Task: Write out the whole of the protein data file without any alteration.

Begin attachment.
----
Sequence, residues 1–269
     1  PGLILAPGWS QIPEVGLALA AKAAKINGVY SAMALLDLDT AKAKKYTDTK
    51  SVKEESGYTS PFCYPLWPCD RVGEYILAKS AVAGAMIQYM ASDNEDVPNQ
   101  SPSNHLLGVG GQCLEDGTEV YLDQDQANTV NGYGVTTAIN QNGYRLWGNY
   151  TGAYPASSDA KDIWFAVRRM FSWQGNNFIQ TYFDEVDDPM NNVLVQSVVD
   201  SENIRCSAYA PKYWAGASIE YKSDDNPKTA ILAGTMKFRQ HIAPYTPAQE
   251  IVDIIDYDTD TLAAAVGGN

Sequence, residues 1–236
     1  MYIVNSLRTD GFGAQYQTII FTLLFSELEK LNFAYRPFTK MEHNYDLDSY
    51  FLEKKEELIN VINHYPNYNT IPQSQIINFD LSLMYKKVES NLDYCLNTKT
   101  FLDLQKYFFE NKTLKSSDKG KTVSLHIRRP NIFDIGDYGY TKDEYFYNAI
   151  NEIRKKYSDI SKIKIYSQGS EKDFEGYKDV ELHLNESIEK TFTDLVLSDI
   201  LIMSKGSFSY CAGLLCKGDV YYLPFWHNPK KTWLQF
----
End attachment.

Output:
Sequence, residues 1–269
     1  PGLILAPGWS QIPEVGLALA AKAAKINGVY SAMALLDLDT AKAKKYTDTK
    51  SVKEESGYTS PFCYPLWPCD RVGEYILAKS AVAGAMIQYM ASDNEDVPNQ
   101  SPSNHLLGVG GQCLEDGTEV YLDQDQANTV NGYGVTTAIN QNGYRLWGNY
   151  TGAYPASSDA KDIWFAVRRM FSWQGNNFIQ TYFDEVDDPM NNVLVQSVVD
   201  SENIRCSAYA PKYWAGASIE YKSDDNPKTA ILAGTMKFRQ HIAPYTPAQE
   251  IVDIIDYDTD TLAAAVGGN

Sequence, residues 1–236
     1  MYIVNSLRTD GFGAQYQTII FTLLFSELEK LNFAYRPFTK MEHNYDLDSY
    51  FLEKKEELIN VINHYPNYNT IPQSQIINFD LSLMYKKVES NLDYCLNTKT
   101  FLDLQKYFFE NKTLKSSDKG KTVSLHIRRP NIFDIGDYGY TKDEYFYNAI
   151  NEIRKKYSDI SKIKIYSQGS EKDFEGYKDV ELHLNESIEK TFTDLVLSDI
   201  LIMSKGSFSY CAGLLCKGDV YYLPFWHNPK KTWLQF